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Two months remain before companies doing business in California must comply with updated consumer protection regulations that take effect January 1, 2020. Earlier this month, California’s Attorney General published proposed comprehensive regulations (Proposed Regulations) to the California Consumer Privacy Act of 2018 (CCPA). The Proposed Regulations clarify and interpret some of the notoriously ambiguous provisions of the CCPA and do so by reinforcing its basic principles through detailed and prescriptive procedures. They also establish some entirely new requirements and raise new questions about what a business needs to do to get ready for the CCPA.

The proposed regulations are complicated and cover a lot of territory. This article is intended to provide a starting point for privacy practitioners who are tasked with implementing the CCPA for their businesses and as an overview for senior management who need to allocate resources and priorities to the task.

For background on the CCPA and its provisions, please see our detailed review of the requirements at Part I and Part II, as well as our discussion of recent amendments to the statute.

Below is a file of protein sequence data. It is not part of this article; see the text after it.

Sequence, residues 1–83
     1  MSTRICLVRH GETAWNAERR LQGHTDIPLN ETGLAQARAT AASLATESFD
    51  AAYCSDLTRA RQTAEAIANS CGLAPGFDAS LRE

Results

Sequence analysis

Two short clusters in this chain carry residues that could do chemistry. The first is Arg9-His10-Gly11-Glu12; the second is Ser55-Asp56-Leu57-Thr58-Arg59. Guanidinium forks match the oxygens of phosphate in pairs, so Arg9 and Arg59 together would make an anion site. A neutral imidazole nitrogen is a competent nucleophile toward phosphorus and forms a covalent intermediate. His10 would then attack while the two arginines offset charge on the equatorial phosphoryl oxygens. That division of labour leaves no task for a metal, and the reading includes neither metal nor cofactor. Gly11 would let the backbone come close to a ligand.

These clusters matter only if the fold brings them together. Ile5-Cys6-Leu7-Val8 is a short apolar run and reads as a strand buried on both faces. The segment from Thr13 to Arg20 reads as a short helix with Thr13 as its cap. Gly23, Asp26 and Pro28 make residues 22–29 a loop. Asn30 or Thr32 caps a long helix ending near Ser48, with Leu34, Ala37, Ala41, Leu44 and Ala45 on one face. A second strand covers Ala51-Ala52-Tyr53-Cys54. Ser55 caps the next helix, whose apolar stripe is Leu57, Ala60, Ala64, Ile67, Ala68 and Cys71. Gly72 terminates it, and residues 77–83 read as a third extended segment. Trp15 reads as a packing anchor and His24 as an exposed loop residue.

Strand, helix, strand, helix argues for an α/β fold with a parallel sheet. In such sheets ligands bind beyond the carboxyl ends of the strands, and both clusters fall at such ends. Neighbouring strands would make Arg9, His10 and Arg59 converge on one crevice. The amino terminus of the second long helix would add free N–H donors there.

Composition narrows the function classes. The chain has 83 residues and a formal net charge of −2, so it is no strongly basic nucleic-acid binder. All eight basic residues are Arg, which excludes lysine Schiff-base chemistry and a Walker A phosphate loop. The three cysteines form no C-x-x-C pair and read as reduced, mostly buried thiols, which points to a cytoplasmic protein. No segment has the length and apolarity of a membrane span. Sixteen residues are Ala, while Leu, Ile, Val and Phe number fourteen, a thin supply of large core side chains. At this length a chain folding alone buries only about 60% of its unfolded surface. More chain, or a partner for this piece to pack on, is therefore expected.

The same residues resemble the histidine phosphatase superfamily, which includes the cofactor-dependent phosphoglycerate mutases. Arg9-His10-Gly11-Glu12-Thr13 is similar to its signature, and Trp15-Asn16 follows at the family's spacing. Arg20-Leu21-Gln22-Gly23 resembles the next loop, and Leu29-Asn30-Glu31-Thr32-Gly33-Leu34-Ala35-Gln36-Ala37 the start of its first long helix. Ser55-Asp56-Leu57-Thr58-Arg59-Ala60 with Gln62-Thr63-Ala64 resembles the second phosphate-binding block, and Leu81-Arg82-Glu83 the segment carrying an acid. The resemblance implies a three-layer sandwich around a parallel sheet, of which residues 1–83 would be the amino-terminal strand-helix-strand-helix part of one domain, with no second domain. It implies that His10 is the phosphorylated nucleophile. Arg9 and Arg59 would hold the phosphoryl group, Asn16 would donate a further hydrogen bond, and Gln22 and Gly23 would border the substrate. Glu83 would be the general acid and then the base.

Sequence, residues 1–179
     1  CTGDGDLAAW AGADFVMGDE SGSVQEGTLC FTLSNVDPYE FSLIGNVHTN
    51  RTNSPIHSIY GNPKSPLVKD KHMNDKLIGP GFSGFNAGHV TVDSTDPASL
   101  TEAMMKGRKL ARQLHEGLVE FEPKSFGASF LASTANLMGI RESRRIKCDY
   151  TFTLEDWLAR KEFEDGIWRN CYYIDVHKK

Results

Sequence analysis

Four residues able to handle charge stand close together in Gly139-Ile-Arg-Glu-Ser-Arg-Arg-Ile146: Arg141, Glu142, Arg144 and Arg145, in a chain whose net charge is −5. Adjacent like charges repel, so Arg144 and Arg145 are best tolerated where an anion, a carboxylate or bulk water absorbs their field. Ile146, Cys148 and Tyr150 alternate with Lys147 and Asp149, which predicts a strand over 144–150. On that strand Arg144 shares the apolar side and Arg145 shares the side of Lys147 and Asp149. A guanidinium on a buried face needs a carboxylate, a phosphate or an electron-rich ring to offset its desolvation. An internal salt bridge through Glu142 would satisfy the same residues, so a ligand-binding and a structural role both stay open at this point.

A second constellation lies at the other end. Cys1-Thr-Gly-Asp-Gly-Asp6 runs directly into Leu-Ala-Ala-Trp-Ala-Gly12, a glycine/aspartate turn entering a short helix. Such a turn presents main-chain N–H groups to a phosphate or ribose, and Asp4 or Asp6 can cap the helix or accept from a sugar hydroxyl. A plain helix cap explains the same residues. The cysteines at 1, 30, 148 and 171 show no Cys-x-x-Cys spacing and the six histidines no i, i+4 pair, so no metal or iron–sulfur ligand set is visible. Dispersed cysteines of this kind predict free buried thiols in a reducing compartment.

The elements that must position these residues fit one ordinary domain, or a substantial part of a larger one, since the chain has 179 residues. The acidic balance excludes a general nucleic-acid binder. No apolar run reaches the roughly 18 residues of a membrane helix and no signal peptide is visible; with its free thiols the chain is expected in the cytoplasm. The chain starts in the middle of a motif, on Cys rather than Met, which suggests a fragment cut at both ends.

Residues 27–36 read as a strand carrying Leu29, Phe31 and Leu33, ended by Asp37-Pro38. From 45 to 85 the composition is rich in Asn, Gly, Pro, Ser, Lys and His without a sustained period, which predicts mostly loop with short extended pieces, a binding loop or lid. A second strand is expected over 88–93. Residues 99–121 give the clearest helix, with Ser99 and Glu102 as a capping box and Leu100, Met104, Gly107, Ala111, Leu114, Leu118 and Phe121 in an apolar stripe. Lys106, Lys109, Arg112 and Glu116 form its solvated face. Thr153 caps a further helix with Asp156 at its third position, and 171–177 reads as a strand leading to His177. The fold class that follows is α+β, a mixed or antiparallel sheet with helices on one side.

Learn more about the CCPA and continued evolution of U.S. privacy protections across the 50 states (and DC), by registering for our upcoming cybersecurity training session. The online training session will be held on November 13, 2019 from 12:00 p.m. – 1:00 p.m. (EDT). Register here.

New Required “Notices to Consumers”

The Proposed Regulations require that companies provide three new “Notices to Consumers” regarding the “headline” rights under the CCPA. These Notices must be clearly visible on the company’s website, any mobile application(s), and paper materials used by the company to interact with consumers, including:

Notice at Collection

The Notice details the company’s data collection practices, including the categories of data collected and the commercial purpose for collection, as well as a disclosure of the consumer’s right to opt out of collection.

Notice of Right to Opt Out

This Notice is the webpage to which the consumer is directed upon clicking the “Do Not Sell My Personal Information Link” on the company’s website or mobile application. If online, the Notice must include a webform used to make the opt-out request. If the business substantially interacts with consumers offline, the business also must make the Notice and ability to exercise the opt-out option readily available to consumers offline. The Notice must explain the consumer’s right to opt-out and provide instructions for completing the opt-out form. The Notice of Right to Opt Out is not required if the business does not “sell” personal information (defined in the CCPA to include any exchange for monetary or other valuable consideration) and states in its privacy policy that it does not and will not sell personal information.

Notice of Financial Incentive